Fake news. Distrust of science. Conspiracy theories. Alternative medicine. These are some of the trends that have swept through science in recent years, leading to potentially destabilizing consequences.
While these had all been present for years before COVID-19, the pandemic seemingly accelerated their growth and brought them to the forefront of public discourse.
While Canadians trust scientists much more than those in other fields like politics or journalism, trust has nonetheless decreased since 2021. As trust in scientific procedures and treatments go down, what do people turn to? As a new study by researchers at the University of British Columbia and University of Alberta suggests, some Canadians — namely those who are more drawn to risk and a distrust of science — are turning to alternative medicine.
To begin with, the researchers define alternative healthcare (AH) — which has seen an increase in popularity in recent decades — as “a range of therapeutics that largely originate from traditions… distinct from contemporary biomedical science, and which claim mechanisms of action outside of those currently accepted by scientific… consensus.”
However, the study specifically focuses on risk-associated alternative healthcare (RAAH) behaviours, which includes treatments that 1) conflict with biomedical care (e.g., replacing biomedical care with AH), 2) are based on alternative belief systems (e.g., cupping), 3) are physically manipulative (chiropractic), or 4) involve hazardous supplements (e.g., herbal pills containing heavy metals).
The researchers also outline some psychological traits that have been found to be associated with RAAH behaviours. These include a higher sense of control over one’s health, a tendency to seek positive rewards rather than avoid negative outcomes, negative beliefs about science and dissatisfaction with biomedical models of medicine, and the tendency to use risky products or services.
These traits were measured by the Control Beliefs Inventory (CBI), the Reward Responsiveness BAS scale (RBAS), Positive Attitudes to Science (PAS) survey, the Satisfaction with Orthodox Medicine (SOM) survey, and the Susceptibility to Persuasion-II scale, respectively.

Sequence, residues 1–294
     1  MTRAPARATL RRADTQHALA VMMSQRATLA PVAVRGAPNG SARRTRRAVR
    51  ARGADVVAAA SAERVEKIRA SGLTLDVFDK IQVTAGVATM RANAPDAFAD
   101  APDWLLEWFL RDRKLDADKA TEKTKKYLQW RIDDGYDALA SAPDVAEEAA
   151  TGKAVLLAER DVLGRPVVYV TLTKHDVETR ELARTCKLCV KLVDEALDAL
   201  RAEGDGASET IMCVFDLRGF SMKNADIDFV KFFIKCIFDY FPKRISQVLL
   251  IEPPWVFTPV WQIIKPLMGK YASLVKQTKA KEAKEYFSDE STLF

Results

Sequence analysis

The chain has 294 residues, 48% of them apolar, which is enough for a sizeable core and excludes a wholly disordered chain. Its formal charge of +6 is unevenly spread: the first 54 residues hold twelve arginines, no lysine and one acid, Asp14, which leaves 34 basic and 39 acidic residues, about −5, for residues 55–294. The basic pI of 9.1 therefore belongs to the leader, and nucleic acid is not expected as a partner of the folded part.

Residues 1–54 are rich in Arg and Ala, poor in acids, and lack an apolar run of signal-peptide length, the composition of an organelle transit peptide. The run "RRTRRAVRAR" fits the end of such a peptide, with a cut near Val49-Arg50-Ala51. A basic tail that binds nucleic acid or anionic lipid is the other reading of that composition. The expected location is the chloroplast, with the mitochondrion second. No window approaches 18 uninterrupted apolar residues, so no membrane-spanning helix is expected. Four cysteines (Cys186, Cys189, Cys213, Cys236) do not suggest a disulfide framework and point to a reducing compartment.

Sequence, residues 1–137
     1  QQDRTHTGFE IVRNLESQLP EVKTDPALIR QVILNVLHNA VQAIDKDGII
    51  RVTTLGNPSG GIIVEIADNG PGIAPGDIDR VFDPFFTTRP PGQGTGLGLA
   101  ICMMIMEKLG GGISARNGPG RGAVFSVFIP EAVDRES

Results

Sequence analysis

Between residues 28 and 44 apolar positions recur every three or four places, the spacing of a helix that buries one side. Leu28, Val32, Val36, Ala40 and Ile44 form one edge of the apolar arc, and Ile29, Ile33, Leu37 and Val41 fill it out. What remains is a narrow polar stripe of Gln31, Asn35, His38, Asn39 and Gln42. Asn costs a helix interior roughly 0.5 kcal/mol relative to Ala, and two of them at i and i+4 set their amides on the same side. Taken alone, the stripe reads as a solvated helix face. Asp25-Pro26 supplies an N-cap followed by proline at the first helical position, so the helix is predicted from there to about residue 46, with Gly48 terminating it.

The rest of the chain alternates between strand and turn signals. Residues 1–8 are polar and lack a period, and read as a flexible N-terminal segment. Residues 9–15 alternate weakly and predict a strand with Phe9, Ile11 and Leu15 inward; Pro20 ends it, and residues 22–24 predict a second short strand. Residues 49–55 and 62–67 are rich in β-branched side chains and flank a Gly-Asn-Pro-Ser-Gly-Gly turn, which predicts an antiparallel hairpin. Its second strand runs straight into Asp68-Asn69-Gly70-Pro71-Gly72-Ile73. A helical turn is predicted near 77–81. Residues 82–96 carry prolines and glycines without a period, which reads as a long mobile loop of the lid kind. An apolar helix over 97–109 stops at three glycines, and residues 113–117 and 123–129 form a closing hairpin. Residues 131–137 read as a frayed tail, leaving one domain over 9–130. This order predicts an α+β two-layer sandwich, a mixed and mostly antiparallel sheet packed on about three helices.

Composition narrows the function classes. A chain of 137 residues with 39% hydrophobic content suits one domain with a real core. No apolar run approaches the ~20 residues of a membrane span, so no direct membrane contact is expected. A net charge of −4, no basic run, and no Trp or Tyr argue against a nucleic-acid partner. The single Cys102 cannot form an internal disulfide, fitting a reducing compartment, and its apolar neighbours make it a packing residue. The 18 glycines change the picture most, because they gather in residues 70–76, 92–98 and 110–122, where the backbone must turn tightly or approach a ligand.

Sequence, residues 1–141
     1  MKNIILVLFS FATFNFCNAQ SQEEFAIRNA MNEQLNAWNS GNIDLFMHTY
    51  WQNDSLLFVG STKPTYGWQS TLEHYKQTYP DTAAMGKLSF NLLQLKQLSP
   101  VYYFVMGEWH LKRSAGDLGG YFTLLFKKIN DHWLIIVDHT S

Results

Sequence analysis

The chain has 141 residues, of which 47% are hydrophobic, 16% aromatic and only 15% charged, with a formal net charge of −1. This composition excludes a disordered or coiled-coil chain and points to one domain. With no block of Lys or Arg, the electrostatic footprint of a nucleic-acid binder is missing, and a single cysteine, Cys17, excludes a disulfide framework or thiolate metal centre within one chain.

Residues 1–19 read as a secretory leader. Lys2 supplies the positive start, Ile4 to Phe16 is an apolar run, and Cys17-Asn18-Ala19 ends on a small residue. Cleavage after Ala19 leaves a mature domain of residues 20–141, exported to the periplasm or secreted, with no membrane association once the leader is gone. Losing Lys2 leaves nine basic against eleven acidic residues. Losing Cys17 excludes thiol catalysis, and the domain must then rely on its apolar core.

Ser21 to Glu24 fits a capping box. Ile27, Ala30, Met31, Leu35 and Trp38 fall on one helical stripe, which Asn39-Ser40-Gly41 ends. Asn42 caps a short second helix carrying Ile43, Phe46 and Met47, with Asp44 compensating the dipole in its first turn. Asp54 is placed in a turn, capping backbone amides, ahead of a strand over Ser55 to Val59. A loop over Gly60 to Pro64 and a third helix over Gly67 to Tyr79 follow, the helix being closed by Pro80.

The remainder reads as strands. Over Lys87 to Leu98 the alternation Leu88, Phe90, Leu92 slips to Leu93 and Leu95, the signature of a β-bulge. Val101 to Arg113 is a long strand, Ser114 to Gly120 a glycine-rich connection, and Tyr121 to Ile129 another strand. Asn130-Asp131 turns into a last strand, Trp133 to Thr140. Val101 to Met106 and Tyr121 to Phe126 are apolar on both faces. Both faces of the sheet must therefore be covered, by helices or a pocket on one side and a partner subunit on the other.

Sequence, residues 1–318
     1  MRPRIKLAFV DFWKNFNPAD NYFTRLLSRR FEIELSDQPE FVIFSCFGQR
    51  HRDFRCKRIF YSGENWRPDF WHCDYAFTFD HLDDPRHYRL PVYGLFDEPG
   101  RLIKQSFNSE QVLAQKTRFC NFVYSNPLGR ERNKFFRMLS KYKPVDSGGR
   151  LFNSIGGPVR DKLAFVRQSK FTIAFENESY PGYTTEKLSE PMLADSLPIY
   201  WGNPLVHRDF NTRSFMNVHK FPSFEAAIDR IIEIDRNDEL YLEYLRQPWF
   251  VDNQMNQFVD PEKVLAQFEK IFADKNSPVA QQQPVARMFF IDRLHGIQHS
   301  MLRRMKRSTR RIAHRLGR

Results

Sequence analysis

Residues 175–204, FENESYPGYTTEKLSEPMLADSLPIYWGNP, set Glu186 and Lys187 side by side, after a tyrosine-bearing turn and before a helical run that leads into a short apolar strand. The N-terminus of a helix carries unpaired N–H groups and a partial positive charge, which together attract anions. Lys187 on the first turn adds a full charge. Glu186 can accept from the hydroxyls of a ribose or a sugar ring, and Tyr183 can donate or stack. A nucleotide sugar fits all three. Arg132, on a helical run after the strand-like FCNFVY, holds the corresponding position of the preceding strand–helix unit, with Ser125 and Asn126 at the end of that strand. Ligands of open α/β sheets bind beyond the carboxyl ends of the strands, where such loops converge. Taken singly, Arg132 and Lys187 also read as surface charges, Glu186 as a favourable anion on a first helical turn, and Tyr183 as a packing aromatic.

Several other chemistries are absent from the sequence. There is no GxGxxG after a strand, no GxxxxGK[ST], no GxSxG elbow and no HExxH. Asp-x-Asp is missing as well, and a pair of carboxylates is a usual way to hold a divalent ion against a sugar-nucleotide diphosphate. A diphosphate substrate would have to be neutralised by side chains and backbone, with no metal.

The researchers administered a survey to 2,253 people, with 1,492 respondents completing it fully. The survey consisted of sections on demographic information, history and types of RAAH treatments used, and the five psychological scales mentioned above.
Over 40% of respondents reported experiencing at least one RAAH behaviour, with physical manipulation (67.5%) and herbal supplements (55.1%) being the two most common types. Overall, respondents were more likely to engage in RAAH if they were women, had higher levels of income, or had higher levels of education. Older respondents were more likely to not engage in RAAH behaviours, which the authors hypothesize may stem from them being more risk-averse. Additionally, respondents of Asian ethnicity were more likely to not engage in RAAH behaviours. Surprisingly, respondents who worked in healthcare were 50% more likely to use RAAH treatments!
In regards to the psychological scales, the researchers found that those who were more susceptible to persuasion and had less positive attitudes about science were more likely to engage in RAAH behaviours, with the other scales not being statistically significant.
The authors conclude by highlighting the importance of “understanding how to best identify and educate the public on the significant risks encountered with some AH therapeutics.”